Sunday, July 08, 2007

First Week of School!

The first week of English lessons was a little bumpy, but will smooth out as we move forward. (This was my "teacher outfit" complete with bejeweled apple pendant from our visit to TopShop in London, and the other photo is our little English class. HuYi has her hands on my shoulders) It appears that HuYi has invited two of her girlfriends to join us, which adds an interesting dynamic. Both of them appear to have studied English quite a lot before, possibly even using the same book. My only worry is that they will be bored while the engineers will be stumped. I plan to concentrate on the engineers and hopefully the girls can use this time as review. Luckily, they seem happy enough to listen quietly and take photos with the “Meiguoren” after class (meaning American, translated literally it means "person from the Beautiful Land") They love my light hair and green eyes, which is nice since I am stunned at how impossibly thin and beautiful so many of the women are here.

We definitely get stared at everywhere we go, but are basically un-phased by that after our time in Africa. I thought perhaps we would blend in China more easily since our skin color is similar and Eric and I are both pretty short by American standards. This is definitely not the case. Our hair and build distinguish us immediately. It would appear that most of the attention is simply friendly curiosity.

In class we are using a book called “Family Album U.S.A” which has a nice (if a bit hokey) DVD for us to watch together and a transcript in the book. Then there are a series of activities to determine if the students were able to follow the storyline. So lesson planning is pretty simple, and each unit is taking about an hour to get through.

The main difficulty is that I don’t have a “teacher’s book”. I have the same book as the students with Mandarin instructions above each activity. So, I end up guessing what we are supposed to be doing in each activity. I explain in English what we need to do, then I urge them to read the Mandarin if they need further clarification. At first, I was getting a lot of blank stares. I’m not sure if a) I’ve given directions that are different from the Mandarin instructions b) they don’t understand that the Mandarin instructions are the same as the ones I’m giving, c) they don’t understand my English instructions or D) they don’t understand what has happened in the video. I suppose it is likely a combination of all three problems.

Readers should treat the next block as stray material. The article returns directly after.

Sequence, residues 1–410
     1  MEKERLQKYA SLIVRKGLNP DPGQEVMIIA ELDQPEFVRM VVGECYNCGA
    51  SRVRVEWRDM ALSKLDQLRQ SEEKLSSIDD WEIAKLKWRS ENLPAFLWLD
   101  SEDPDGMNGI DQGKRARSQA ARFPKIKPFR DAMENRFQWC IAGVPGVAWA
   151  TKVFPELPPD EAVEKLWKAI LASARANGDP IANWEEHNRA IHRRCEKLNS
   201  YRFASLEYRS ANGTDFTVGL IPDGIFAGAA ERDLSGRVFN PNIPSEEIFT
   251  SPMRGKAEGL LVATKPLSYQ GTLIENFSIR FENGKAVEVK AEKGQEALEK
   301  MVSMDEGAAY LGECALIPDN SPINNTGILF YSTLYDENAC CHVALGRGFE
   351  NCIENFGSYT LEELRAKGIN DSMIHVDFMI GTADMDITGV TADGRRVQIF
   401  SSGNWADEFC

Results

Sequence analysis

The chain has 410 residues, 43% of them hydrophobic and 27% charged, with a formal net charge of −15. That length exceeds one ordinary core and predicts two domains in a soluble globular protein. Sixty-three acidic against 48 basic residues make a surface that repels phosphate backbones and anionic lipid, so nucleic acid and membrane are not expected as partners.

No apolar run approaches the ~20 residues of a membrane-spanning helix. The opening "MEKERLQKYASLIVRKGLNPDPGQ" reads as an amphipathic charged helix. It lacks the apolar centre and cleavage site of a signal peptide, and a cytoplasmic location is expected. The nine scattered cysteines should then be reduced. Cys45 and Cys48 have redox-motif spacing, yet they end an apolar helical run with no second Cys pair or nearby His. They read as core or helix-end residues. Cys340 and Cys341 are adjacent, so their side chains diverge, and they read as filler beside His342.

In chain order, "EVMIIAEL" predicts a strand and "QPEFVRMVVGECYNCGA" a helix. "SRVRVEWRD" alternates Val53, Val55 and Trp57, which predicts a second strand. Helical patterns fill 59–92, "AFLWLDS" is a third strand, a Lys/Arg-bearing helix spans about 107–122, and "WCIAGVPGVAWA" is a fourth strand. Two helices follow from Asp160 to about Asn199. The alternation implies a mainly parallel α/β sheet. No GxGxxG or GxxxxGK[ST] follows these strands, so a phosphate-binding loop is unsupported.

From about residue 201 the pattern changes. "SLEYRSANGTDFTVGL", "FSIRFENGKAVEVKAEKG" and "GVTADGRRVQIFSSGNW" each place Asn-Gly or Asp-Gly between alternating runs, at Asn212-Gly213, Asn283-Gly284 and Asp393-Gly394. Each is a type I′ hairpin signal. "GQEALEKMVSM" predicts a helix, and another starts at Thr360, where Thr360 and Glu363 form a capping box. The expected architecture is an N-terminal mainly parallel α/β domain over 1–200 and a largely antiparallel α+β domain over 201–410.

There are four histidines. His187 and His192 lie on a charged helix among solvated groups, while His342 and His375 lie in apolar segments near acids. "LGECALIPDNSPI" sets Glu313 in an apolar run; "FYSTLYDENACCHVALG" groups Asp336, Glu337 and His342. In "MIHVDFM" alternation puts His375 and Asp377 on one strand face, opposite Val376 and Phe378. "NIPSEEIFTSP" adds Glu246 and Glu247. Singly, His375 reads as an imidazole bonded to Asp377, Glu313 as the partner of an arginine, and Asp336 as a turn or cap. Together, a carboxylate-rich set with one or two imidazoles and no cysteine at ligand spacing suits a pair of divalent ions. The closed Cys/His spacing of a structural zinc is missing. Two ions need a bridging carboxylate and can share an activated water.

The students have a lot of experience reading and writing in English because their work requires them to deal with English speakers via e-mail. So my general feeling is that their “receptive” skills are quite good, they just need help speaking or “opening their mouths” as they like to say. They are also incredibly enthusiastic about learning and very sweet to me. With two hours of practice every day, I think they will definitely improve quickly.

By the end of the week, I was able to communicate the idea that they best way for them to learn quickly is to practice as much as possible. I am hoping that since everyone in the office is studying English together, they could try to converse in English even when I am not there. By Friday, they started to get my drift. Eventually we can also spend less class time doing the activities suggested in the book and more time talking about the video to practice our conversation and vocabulary skills. And of course we’ll have to move into grammar…Yikes! I have an intuitive understanding of grammar as a native speaker, but will definitely need to brush up on “the rules”! Thank goodness for the internet. As of yet, I have not seen any English language bookstores. There will be a steep learning curve, but I think I have a good intuitive grasp of how to do this and certainly many people go abroad to teach, so at least I'm not alone!

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